Boris Johnson denies squeezing thigh of woman journalist
Labour’s shadow secretary for women and equalities Dawn Butler said it was a ‘shocking but sadly all too familiar story’.
Downing Street has been forced to deny claims that Boris Johnson squeezed the thigh of a woman journalist under the table during a private lunch.
Charlotte Edwardes said the incident took place at the offices of The Spectator magazine in London shortly after Mr Johnson became editor in 1999.
After the lunch, she said she had confided in the young woman who was sitting on the other side of Mr Johnson, who told her: “Oh God, he did exactly the same to me.”
What is it about powerful men feeling entitled to harass women? Boris Johnson has serious questions to answer Dawn Butler
But a Number 10 spokesman said: “This allegation is untrue.”
However, Health Secretary Matt Hancock, who said he knows Ms Edwardes well, said he believed her to be trustworthy, adding: “I entirely trust what she has to say.”
Former work and pensions secretary Amber Rudd has since said in a tweet “I agree with @MattHancock”.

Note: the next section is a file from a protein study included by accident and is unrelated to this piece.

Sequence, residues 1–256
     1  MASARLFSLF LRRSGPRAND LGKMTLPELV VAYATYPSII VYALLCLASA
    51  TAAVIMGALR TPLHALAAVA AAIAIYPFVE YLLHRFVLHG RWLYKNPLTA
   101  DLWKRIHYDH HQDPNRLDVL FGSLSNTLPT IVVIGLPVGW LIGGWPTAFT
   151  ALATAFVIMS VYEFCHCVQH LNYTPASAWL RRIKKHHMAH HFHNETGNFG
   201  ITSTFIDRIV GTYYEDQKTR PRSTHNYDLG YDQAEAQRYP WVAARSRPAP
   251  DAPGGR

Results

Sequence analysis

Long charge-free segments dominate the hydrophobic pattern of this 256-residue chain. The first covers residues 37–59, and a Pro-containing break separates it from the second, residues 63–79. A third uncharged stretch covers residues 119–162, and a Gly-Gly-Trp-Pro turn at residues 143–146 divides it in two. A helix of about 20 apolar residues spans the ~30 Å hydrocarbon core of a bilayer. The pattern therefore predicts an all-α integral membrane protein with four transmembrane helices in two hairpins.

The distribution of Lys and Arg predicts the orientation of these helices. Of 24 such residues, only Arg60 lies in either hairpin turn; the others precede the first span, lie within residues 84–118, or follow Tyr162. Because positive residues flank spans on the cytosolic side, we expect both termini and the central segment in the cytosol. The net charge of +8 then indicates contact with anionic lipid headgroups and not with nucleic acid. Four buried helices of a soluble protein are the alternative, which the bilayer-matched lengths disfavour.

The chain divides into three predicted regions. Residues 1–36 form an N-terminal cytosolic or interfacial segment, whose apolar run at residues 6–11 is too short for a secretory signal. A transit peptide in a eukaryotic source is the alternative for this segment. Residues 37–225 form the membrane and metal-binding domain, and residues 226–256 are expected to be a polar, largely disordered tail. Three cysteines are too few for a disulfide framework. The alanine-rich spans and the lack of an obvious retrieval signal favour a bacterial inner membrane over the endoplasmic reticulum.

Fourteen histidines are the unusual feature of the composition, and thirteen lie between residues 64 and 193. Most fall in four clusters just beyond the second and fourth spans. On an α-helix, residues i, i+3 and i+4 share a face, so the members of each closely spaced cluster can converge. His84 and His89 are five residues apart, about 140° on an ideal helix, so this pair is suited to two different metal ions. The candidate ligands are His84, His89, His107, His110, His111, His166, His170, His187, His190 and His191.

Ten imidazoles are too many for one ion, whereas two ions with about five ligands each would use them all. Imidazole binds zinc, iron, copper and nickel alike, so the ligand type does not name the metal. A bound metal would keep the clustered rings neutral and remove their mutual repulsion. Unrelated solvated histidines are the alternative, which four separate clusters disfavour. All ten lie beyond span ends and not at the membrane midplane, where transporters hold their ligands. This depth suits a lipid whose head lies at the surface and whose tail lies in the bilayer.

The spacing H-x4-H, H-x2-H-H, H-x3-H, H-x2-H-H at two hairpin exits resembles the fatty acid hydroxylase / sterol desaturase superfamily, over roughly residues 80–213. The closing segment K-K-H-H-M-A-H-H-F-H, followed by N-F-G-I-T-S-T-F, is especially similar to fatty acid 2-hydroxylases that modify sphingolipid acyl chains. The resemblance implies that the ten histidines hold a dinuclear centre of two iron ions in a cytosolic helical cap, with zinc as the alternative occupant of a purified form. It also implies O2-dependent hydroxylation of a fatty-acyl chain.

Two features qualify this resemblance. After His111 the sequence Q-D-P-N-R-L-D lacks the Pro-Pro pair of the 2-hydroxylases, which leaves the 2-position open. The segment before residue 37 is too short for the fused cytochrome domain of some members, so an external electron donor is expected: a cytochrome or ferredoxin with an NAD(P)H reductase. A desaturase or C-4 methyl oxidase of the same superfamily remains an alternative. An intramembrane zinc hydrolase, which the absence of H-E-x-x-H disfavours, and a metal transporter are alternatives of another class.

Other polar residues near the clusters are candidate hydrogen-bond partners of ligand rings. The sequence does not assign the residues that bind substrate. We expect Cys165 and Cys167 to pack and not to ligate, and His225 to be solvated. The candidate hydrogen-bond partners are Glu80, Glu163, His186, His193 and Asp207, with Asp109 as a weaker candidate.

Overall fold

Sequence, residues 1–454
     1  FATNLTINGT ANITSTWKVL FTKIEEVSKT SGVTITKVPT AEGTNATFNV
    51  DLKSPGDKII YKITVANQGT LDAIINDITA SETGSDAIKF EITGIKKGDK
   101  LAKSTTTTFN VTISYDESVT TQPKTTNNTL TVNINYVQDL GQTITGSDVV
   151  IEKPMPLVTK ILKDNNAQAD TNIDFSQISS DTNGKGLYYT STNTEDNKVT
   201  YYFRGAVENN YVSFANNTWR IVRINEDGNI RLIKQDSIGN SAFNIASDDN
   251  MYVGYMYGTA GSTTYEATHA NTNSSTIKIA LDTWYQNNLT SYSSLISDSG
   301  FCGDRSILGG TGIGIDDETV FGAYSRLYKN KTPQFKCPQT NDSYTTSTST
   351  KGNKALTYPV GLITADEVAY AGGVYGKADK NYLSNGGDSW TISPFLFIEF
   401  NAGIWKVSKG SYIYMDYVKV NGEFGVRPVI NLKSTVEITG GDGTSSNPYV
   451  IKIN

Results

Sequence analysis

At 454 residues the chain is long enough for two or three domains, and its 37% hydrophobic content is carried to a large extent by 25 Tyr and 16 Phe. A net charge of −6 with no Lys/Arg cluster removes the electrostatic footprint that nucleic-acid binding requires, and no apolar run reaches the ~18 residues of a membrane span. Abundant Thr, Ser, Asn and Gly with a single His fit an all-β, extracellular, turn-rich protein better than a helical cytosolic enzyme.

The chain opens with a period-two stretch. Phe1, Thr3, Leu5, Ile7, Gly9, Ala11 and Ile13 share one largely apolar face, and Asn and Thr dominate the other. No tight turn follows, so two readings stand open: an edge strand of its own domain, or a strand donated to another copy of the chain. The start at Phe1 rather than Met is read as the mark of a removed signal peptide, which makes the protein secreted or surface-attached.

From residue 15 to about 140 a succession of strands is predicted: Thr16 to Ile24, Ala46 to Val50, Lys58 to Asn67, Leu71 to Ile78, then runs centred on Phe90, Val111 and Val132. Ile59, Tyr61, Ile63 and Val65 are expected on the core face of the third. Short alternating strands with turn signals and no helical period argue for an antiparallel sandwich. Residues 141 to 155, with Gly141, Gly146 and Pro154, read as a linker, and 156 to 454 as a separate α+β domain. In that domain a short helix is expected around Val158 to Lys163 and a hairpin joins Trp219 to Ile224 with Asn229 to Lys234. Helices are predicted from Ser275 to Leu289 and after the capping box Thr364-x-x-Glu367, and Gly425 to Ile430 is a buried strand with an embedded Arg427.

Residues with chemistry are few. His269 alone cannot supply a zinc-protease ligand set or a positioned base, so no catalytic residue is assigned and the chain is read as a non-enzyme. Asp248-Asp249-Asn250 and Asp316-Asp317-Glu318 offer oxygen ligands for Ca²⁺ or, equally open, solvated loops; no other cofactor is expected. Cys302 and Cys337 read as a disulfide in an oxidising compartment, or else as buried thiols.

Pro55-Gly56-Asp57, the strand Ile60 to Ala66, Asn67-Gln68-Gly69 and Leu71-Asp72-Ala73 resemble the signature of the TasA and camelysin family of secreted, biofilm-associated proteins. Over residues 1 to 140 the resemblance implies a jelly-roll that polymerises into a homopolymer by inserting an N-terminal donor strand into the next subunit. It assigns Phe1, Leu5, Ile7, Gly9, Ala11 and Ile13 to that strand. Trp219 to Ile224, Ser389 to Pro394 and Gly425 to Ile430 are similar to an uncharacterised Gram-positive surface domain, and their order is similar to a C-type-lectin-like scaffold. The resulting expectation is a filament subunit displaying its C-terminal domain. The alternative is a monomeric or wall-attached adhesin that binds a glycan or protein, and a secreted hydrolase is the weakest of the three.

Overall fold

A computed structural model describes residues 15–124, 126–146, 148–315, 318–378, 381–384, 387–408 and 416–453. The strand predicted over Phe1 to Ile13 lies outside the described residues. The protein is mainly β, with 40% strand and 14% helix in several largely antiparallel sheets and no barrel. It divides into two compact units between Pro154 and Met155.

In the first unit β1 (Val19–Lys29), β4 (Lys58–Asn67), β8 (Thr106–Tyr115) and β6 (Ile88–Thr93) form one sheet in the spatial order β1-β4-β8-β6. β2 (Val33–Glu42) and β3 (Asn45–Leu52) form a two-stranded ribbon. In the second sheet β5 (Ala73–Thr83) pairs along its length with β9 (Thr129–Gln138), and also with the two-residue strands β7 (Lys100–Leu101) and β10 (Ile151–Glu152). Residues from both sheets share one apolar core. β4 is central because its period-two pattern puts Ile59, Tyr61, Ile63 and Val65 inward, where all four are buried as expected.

Writing her first column for The Sunday Times, Ms Edwardes said: “I’m seated on Johnson’s right; on his left is a young woman I know.
“More wine is poured; more wine is drunk. Under the table I feel Johnson’s hand on my thigh. He gives it a squeeze.
“His hand is high up my leg and he has enough inner flesh beneath his fingers to make me sit suddenly upright.”
Labour’s shadow secretary for women and equalities Dawn Butler said it was a “shocking but sadly all too familiar story”.
“What is it about powerful men feeling entitled to harass women? Boris Johnson has serious questions to answer,” she tweeted.
The allegations – and Labour’s efforts to capitalise on the row – have caused fury in Number 10 at the start of the Conservative Party conference.
Earlier Hancock played down the report saying there were “always lots of other stories in papers”.
Speaking at a Tory party fringe event in Manchester hosted by HuffPostUK, he said: “Boris has never lectured other people about their private lives.
“I think that we should concentrate on delivering on what we are in politics for, which in my view is to serve the citizens of this country.”
But speaking to Channel 4 News, Mr Hancock said he did not “dismiss it at all”.
Mr Hancock said he did not know the details, adding it was incumbent not to “react without the full details”.
He added: “I know Charlotte well, and I entirely trust what she has to say.”
Asked if he believed her claims, Mr Hancock said: “I know her and I know her to be trustworthy.
“What I would say is that these are important issues and getting the response right is incredibly important.
“But there’s also something here about making sure that the way I try to carry on my life – both in public and in private frankly – is with a high degree of integrity.”
He added: “Nobody’s perfect but I think that is how we should try to go about things.”